This is the "Outcomes to Assessment" page of the "Assessment of Library Instruction" guide.
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Assessment of Library Instruction  

Ideas for assessing teaching and student learning
Last Updated: Feb 9, 2012 URL: http://guides.library.pdx.edu/assessment Print Guide

Outcomes to Assessment Print Page
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Additional Readings on this Topic

Gilchrist, D. & Zald, A. (2008). "Instruction & program design through assessment." In Cox, C. & Lindsay, E. (Eds.), Information literacy instruction handbook (pp. 164-192). Chicago: Association of College and Research Libraries.  
Available at PSU ZA3075 .I536 2008 (I also have a copy of the chapter if anyone would like to borrow it).

Megan Oakleaf, (2009) "The information literacy instruction assessment cycle: A guide for increasing student learning and improving librarian instructional skills", Journal of Documentation, Vol. 65 Iss: 4, pp.539 - 560. Available freely online.
 

From Outcomes to Assessment

Below is an image of the ideal process for preparing for teaching a class, starting with definining outcomes and ending with what criteria you will use to determine whether a student has achieved those outcomes.

Outcomes to assessment

 

Selecting Outcomes

For a single class session, select the 2-4 things that you most want students to learn from your instruction session. You'll usually want to select no more than three for a 1 hour session.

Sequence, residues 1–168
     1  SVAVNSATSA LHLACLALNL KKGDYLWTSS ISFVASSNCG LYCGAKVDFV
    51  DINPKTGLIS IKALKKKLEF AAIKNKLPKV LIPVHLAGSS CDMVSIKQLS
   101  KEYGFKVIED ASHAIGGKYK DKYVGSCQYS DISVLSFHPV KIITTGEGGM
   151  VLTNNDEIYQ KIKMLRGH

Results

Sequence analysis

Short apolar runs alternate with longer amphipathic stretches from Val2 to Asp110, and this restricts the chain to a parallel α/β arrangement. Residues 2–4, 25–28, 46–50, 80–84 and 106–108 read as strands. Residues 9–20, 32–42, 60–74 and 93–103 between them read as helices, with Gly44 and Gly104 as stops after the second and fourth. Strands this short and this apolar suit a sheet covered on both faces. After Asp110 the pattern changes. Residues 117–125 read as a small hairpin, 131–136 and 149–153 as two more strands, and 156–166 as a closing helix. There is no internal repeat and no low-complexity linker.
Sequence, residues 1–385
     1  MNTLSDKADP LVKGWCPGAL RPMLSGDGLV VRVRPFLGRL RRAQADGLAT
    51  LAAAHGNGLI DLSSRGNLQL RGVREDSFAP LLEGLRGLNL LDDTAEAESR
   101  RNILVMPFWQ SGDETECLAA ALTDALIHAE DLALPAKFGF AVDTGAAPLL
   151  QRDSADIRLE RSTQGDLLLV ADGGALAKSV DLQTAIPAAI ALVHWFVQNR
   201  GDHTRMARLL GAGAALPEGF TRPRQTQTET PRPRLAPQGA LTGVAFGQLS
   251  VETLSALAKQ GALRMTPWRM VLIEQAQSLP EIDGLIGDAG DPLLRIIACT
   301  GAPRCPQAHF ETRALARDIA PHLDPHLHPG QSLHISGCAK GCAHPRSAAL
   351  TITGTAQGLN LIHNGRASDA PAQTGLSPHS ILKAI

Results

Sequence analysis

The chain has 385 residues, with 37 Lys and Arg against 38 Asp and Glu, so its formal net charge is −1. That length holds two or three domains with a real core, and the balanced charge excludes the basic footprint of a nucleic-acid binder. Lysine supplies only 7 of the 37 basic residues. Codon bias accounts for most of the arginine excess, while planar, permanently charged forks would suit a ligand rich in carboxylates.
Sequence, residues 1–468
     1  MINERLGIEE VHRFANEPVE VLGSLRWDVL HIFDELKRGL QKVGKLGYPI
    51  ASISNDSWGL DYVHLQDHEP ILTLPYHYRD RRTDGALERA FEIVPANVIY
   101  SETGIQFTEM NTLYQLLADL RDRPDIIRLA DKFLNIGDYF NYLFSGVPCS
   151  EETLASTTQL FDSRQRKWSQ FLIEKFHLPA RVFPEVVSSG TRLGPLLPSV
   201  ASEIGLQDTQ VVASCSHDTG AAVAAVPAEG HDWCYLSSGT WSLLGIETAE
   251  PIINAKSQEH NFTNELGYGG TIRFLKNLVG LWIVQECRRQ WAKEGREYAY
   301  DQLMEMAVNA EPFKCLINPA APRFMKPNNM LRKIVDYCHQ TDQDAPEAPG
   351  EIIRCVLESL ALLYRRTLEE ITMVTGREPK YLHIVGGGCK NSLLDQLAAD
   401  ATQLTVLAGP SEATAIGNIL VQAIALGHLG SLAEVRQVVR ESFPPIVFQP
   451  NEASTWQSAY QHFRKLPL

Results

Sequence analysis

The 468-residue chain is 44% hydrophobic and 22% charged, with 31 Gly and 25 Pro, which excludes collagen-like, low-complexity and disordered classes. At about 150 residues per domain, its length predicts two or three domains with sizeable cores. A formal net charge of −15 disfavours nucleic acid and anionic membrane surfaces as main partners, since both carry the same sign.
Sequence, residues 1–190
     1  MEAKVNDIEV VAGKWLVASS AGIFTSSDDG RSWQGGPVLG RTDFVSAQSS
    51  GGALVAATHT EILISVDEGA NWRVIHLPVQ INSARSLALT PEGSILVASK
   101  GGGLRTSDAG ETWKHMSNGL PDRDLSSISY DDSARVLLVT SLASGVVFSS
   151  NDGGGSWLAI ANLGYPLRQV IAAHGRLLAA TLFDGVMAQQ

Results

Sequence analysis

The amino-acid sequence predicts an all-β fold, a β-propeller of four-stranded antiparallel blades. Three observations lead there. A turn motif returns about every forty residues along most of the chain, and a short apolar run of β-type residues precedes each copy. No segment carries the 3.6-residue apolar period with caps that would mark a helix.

Example: Students in a class have to select a historical figure involved in ecology/environmentalism that they will research for the entire term. They will need to find biographical information, things they've written, as well as information on attitudes towards ecology and environmentalism at the time in which they were active.

To me, the three things they really needed to learn were how to use reference sources to get general information about the historical figures they might want to research, determine the best places to search for the different aspects of their research, and determine whether an article or book they're looking at is relevant/useful.

I defined three outcomes for this session:

  1. Use general information resources to increase familiarity with the topic and disciplinary vocabulary.
  2. Identify the features and content of different research sources (such as databases, catalogs and websites) in order to search those most appropriate to the information need.
  3. Examine a work’s citation and abstract in order to determine its relevance to their research.
Clearly, I am showing them more than those three things that relate to our outcomes (like searching, finding stuff in full text, and using Summit), but my focus in the class is on getting them to be able to do those three things and those goals will inform the content I cover, my pedagogy and the assessment I do.
 

Determining Content